© Bloomberg. People’s Liberation Army soldiers stand in front of the People’s Bank of China (PBOC) in Beijing, China, on Monday, Dec. 13, 2021. Economists predict China will start adding fiscal stimulus in early 2022 after the country’s top officials said their key goals for the coming year include counteracting growth pressures and stabilizing the economy. Photographer: Andrea Verdelli/Bloomberg
(Bloomberg) — China unleashed more funds into the financial system as policy makers sought to bolster the economy weighed by resurgence in virus-led curbs and slowdown in the nation’s property market.
The People’s Bank of China injected a net 100 billion yuan. It also kept the interest rate unchanged at 2.85% on Tuesday after slashing it in January for the first time in almost two years. Ten of the 17 economists polled by Bloomberg had forecast the PBOC to lower the rate.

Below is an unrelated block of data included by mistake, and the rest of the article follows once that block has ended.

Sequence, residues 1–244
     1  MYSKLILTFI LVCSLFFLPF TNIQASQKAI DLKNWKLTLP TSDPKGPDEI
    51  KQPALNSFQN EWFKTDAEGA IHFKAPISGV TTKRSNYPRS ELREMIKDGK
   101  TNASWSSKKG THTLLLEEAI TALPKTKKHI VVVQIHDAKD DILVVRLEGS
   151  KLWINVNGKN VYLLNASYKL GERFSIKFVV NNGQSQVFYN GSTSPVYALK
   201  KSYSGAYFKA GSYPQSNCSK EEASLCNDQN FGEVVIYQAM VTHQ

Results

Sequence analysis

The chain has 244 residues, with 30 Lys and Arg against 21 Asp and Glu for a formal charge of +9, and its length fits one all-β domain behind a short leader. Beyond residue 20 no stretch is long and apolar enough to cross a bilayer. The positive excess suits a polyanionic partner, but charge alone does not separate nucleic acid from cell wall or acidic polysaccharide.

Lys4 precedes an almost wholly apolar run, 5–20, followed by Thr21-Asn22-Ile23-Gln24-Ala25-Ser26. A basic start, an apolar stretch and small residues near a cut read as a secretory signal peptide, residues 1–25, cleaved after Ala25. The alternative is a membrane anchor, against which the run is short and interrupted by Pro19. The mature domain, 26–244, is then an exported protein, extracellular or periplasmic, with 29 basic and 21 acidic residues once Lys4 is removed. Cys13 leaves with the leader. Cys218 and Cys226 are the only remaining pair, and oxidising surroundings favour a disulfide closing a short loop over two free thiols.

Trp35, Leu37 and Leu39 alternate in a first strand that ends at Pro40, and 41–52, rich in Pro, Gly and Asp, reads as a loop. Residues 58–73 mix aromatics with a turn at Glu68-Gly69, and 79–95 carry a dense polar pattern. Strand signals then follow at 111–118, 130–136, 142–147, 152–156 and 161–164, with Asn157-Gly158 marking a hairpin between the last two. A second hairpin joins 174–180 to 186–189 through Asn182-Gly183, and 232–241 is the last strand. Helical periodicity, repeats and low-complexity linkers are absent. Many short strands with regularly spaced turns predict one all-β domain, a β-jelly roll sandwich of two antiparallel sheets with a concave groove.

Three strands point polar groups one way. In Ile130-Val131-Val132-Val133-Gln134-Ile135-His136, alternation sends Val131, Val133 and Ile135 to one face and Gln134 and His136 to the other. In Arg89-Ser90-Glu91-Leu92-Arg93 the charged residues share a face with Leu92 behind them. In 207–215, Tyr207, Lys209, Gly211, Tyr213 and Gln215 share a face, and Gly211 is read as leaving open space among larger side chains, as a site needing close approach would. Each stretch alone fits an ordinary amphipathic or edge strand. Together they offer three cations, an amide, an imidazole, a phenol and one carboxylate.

The need for additional monetary stimulus gained momentum after data last week showed credit expansion in the country unexpectedly slowed in February and a key indicator of home mortgages declined for the first time in at least 15 years. The resurgence of Covid-19 cases and a lockdown in the southern city of Shenzhen, home to major technology firms and one of the busiest ports in the nation, also threatened to slow the world’s second-largest economy.
The government has already outlined higher spending while setting an ambitious a growth target of 5.5% for the year at the National People’s Congress this month. It’s a goal that political leaders say won’t be easy to meet and would need supportive economic policies.
The PBOC has already resorted to unconventional methods of supporting the economy. It announced a plan to transfer more than 1 trillion yuan ($158 billion) in profits to the government to help finance fiscal spending last week.
China’s economy rebounded from its pandemic slump to grow 8.1% last year, though the momentum has slowed to half that pace in the final quarter, dragged down by a housing market slump and weak consumption. The outlook is also deteriorating amid geopolitical tensions related to Russia’s invasion of Ukraine and a spike in oil prices.
©2022 Bloomberg L.P.
China Opens Liquidity Gates Amid Rising Headwinds to Growth
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